Monday, May 13, 2019

Controlling Mosquito Populations in New Jersey




It has been a rainy spring in New Jersey. That will help your plantings, keep down fire hazards and replenish our reservoirs and the aquifer. It will also increase breeding places for mosquitoes.

New Jersey has more than 60 different kinds of mosquitoes, 20 of which can carry diseases.
Last year, New Jersey’s mosquito season started early, with weather that was hot and wet throughout and extended well into the fall.

During the 2018 season, surveillance programs documented above average mosquito populations and record-setting levels of West Nile virus in mosquitoes with more than 1,330 positive samples. The season generally lasts well into the first frosts of fall.

The New Jersey Mosquito Control Commission has marked its 500th meeting and the Department of Environmental Protection, Department of Health and Department of Agriculture remind the public of the ongoing importance of controlling populations of the disease-carrying insect.

In addition to monitoring and controlling populations of mosquitoes that carry West Nile virus, the state-led effort remains vigilant in addressing equine encephalitis, a rare but very serious disease, and emerging threats such as Zika.

With continued wet weather this spring, it is critical that residents do their part to address mosquito threats around their own properties as the mosquito season begins. Last year, New Jersey reported its highest number of West Nile virus cases, with more than 60 cases identified in 20 counties.

The New Jersey Mosquito Control Commission strives to ensure the use of only the most environmentally safe and efficient mosquito techniques, products and programs and oversees an environmentally-sound aerial application program. The commission reviews municipal and county mosquito control programs and projects to ensure their compliance with state and federal regulations and policies.

It also supports the training of county mosquito control personnel as well as the education of the public on mosquito biology, surveillance, and the various chemical, biological and water-management techniques and practices used in the state's abatement efforts.

Early season mosquito activity has begun. Testing will start soon for a variety of pathogens spread by mosquito bites, including Eastern equine encephalitis and West Nile virus, which are routinely found circulating within mosquito populations in New Jersey.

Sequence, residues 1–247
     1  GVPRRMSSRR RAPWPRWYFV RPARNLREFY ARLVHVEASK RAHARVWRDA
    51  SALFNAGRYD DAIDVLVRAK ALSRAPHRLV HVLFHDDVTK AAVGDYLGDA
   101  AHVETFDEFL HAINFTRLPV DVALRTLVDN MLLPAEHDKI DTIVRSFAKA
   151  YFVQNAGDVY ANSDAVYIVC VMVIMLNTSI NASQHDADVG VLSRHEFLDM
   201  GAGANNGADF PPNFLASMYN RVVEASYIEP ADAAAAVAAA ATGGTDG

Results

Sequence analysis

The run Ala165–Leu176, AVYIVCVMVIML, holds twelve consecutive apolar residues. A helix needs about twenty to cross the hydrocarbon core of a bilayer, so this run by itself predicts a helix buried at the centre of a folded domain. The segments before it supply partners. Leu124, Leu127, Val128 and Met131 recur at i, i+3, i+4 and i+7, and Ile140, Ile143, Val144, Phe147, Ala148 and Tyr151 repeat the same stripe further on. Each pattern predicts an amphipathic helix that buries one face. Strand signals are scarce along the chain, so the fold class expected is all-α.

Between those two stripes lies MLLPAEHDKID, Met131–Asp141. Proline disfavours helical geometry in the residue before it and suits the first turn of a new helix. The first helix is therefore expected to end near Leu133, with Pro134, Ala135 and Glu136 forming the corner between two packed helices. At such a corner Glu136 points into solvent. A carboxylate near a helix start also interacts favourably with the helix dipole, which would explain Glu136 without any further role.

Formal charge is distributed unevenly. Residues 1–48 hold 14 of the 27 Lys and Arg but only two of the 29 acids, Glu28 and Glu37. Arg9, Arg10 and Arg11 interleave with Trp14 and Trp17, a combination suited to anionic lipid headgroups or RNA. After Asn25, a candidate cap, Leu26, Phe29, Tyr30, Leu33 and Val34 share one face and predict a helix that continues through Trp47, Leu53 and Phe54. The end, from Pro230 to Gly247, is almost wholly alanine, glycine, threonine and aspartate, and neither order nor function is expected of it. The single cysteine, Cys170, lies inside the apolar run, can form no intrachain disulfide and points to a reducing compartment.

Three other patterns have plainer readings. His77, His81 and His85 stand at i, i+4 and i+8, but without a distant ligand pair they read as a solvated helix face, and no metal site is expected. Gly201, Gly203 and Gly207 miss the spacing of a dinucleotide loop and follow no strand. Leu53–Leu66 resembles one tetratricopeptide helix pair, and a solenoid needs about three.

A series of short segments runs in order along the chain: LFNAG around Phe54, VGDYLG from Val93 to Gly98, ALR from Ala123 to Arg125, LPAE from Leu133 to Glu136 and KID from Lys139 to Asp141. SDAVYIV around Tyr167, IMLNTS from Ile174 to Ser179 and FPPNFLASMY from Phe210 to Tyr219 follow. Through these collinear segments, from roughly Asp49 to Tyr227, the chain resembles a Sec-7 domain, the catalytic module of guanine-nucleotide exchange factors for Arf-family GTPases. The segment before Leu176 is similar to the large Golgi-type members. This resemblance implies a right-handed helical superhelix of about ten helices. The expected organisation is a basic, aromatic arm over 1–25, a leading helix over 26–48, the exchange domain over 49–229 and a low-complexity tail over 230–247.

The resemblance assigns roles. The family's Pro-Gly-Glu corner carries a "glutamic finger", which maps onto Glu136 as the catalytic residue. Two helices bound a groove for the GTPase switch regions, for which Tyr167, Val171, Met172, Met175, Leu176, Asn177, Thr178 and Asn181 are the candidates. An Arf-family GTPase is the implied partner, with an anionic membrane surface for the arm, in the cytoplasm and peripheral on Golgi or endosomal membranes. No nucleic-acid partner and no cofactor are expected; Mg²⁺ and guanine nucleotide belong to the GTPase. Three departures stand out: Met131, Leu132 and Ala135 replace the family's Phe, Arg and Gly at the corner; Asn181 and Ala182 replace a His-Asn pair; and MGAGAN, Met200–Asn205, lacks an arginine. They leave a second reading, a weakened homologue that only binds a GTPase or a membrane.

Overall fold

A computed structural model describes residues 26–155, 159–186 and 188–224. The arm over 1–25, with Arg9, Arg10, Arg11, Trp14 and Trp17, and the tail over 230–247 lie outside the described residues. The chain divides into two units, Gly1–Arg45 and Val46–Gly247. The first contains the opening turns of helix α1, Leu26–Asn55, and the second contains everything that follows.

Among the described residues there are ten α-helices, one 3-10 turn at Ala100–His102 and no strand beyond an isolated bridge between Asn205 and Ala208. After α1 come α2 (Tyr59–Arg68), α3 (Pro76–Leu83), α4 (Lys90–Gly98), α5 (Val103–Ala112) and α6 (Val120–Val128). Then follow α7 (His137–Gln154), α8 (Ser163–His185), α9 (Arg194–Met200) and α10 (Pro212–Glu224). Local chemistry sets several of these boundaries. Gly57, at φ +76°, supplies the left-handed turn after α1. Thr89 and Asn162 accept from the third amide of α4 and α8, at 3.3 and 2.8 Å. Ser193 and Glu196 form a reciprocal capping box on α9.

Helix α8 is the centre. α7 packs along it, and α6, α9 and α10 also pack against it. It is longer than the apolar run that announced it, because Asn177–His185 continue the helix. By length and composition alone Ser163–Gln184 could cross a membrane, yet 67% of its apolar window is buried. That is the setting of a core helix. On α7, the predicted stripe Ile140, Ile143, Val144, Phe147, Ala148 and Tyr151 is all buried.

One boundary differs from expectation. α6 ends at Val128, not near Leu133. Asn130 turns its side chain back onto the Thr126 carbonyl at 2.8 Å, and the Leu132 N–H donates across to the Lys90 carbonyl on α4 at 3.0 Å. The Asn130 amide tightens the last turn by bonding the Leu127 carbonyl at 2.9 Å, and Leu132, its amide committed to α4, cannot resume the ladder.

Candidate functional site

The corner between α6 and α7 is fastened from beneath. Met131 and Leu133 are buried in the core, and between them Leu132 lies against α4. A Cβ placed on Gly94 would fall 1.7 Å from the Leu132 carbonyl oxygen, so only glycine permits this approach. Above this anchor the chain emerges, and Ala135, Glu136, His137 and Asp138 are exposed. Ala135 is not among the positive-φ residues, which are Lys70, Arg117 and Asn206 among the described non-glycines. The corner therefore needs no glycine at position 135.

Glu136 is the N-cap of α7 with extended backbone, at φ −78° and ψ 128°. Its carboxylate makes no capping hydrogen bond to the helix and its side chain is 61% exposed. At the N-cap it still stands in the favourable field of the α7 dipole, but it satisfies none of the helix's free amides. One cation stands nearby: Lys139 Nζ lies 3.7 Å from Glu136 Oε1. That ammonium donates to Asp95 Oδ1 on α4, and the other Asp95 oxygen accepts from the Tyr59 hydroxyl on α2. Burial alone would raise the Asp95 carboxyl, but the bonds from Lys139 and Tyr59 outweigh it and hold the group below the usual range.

Even with dry weather, diseases can be spread as mosquitoes and birds share the same water sources, making it even more important for the public to remove sources of standing water in their yards that can serve as mosquito breeding grounds.

The commission recommends residents take the following steps to protect themselves and their families:


  • Empty water from flower pots, pet food and water dishes, birdbaths, swimming pool covers, buckets, barrels and cans at least once or twice a week.
  • Clear clogged rain gutters.
  • Check for and remove any containers or trash that may be difficult to see, such as under bushes, homes or around building exteriors.
  • Use EPA-registered insect repellents when outdoors and wear protective clothing.
  • Stay in air-conditioned places or rooms with window screens that prevent access by mosquitoes.
  • Dispose of tin cans, plastic containers, ceramic pots or similar water-holding containers that have accumulated on your property.
  • Drill holes in the bottom and elevate recycling containers that are left outdoors.
  • Repair and clean storm-damaged roof gutters, particularly if the leaves from surrounding trees tend to clog drains. Roof gutters can produce millions of mosquitoes each season.
  • Turn over plastic wading pools and wheelbarrows when not in use.
  • Avoid allowing water to stagnate in bird baths.
  • Aerate ornamental pools or stock them with fish. Water gardens become major mosquito producers if they stagnate.
  • Clean and chlorinate swimming pools, including those not in use. An untended swimming pool can produce enough mosquitoes to result in neighborhood-wide complaints. Be aware that mosquitoes may even breed in the water that collects on pool covers.
  • This state-county network is engaged in critical information sharing so that county partners can investigate any emerging mosquito-borne virus activity and take needed action where appropriate. Likewise, county programs share both mosquito population data and mosquito species samples taken each day throughout the season. These data are compiled into regional reports and analyzed by the Rutgers Agricultural Experiment Station for decisions made by the commission, the DEP and the counties.